In this letter, Jonas Victor tells a lot about his crops, etc. I wish my Dad, John Victor Skonberg, could read some of these letters about his farming operation. He would have enjoyed them. Jonas Victor mentions that their oldest son, Alfred was married. We do not have a letter telling of my Grandmother Matilda's marriage in 1873--she was 16 and he was 33 and they eloped. I am sure it would have been mentioned. By 1883, she had three children. However, I know that Anna Greta did not approve of her only daughter's marriage to John Skonberg, a recent immigrant from Skona in Southern Sweden, who was the hired man. He was handsome, gallant and very poor. She really never forgave her daughter. In addition I have learned that Skona was for hundreds of years a part of Denmark--not Sweden--and the people there resented being taken over by Sweden in 1600. There are some who still do! If you look on a map, you will see that Southern Sweden is very close to Copenhagen--just across a narrow Sound. There is now a bridge between Malmo, Sweden and Copenhagen, Denmark, and the two cities cooperate on schools, etc. The land is different, the architecture is Danish and Skona resembles Denmark more than most of Sweden. Even after all these years, we sensed a certain feeling similar to the North and South after the Civil War--still today! Anna Greta always looked with disfavor on John Skonberg, though he and Matilda had a long and happy marriage.
Jonas Victor Swenson
Randolph, Riley Country KS 1883
Grace and Peace to all!
Because it is rainy weather here now, I have time to write some lines. Thanks for the letters we have got and the last with the registered content. I see that you have taken much trouble for us. We are grateful for your help. When you can, you will take payment for that. I know that you need time. There is much to do until everything is sold. Here they just have an auction.
We are satisfied with the sale in Hamra. We did not think that we should get something for the cottage. The 300 Swedish Kr we have written about I know it was never paid, so I do not want to receive anything from them. It is much better to give in than to fight, because it is just.
The deposited money that you perhaps know is 500 Swedish Kr, will be paid out 6 months after the last persons death with 6 percent interest from the day of death til the paying is done. I do not remember anything more in Hamra that I need to write about. (I don't understand what this is all about--perhaps Anna Greta's family has sold their home in Hamra).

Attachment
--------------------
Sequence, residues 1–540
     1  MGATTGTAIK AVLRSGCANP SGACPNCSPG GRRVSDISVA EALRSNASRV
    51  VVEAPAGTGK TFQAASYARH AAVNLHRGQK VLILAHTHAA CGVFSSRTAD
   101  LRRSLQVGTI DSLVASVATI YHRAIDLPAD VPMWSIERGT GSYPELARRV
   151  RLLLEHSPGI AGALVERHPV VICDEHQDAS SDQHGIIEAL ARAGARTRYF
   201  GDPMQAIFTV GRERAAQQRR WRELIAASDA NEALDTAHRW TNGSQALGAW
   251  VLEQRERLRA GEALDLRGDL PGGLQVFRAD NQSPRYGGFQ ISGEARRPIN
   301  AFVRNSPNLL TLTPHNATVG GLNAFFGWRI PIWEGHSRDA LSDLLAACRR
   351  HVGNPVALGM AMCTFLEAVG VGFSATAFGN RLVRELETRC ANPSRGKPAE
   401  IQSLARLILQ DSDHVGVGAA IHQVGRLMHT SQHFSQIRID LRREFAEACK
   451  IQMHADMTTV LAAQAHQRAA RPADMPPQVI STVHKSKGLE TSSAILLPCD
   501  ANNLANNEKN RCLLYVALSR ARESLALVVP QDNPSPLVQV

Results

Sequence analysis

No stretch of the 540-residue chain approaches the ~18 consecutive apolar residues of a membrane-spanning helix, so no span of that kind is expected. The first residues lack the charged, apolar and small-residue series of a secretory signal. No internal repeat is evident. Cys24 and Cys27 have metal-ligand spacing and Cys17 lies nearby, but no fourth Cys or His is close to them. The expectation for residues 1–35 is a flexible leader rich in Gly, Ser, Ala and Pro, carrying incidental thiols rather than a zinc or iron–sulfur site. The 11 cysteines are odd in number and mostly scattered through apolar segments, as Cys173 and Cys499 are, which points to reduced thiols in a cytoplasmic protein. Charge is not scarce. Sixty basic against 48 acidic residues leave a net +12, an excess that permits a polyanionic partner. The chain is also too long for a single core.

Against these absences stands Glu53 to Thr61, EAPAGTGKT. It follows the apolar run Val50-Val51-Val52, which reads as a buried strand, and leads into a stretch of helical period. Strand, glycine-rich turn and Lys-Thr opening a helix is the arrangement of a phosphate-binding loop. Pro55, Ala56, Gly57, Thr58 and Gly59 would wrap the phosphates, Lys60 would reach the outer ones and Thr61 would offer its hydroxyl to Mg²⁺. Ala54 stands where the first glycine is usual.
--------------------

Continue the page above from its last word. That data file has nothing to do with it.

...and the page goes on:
I do not have your letters here. I am not at home. I am with some people in the place we bought last autumn for $2300. We lease a farm nearby which I pay $200 for. We have much to do. I think we have more arable land to cultivate than it is in Hamra and Spakarp together. We cultivate mostly grain. We also had 25 acres of broom corn. Last year I sold it for $880--the price was high. It is a lot of work to reap it. The broom corn has to be dried with no sunshine and rain after it has been reaped.
I will also let you know we have fattened 16 oxen (steers) last winter. We put them to fattening the first of October. They were 3 years old and fat. We fed them as much grain as they wanted twice a day. We have pigs to go among them to eat the rest of the grain. We had them in a corral where we had running water. I sold them in February for $1150. They were sold by weight. We kept them til the end of March and by that time the price had dropped. I lost $200. (My Dad would have said he should have contracted for the price!) It had never been such a high price before. Cattle and pigs are bringing high prices.
The harvest was so good that I can tell you that our oldest son, Alfred, married 14 days ago to the youngest daughter of Karl Johan Peterson from Gnost, Rumskulla. (Her name was Wilhemina Louisa Peterson)
The last autumn we had more than 5000 bushels of grain. We have 108 cattle, 18 horses, 125 swine, 680 acres of arable land. We are now a company. Alfred owns 1/7, Karl Victor (Charles W.) 3/4 of 1/7, but I own $1800 of the company. We have $1000 debt for the last farm we bought. Alfred lives on the last place we bought. We go between us to where the most work is needed.
It would be of interest to know how much bog and fen are cultivated by you and if it grows good, so it is worth it to work there.
Brother, I have told about things which we will leave sooner or later as a treasure which disappears. We all have an immortal soul, which is worth more than the whole world. Many Bible quotations follow. (I wonder if he is feeling slightly guilty about his great success? He certainly worked hard enough to attain it that he should not feel guilty.)
Now I finish for this time. We are all well and hope that you have good health too. We send our kindly regards to you and children, our parents and brothers.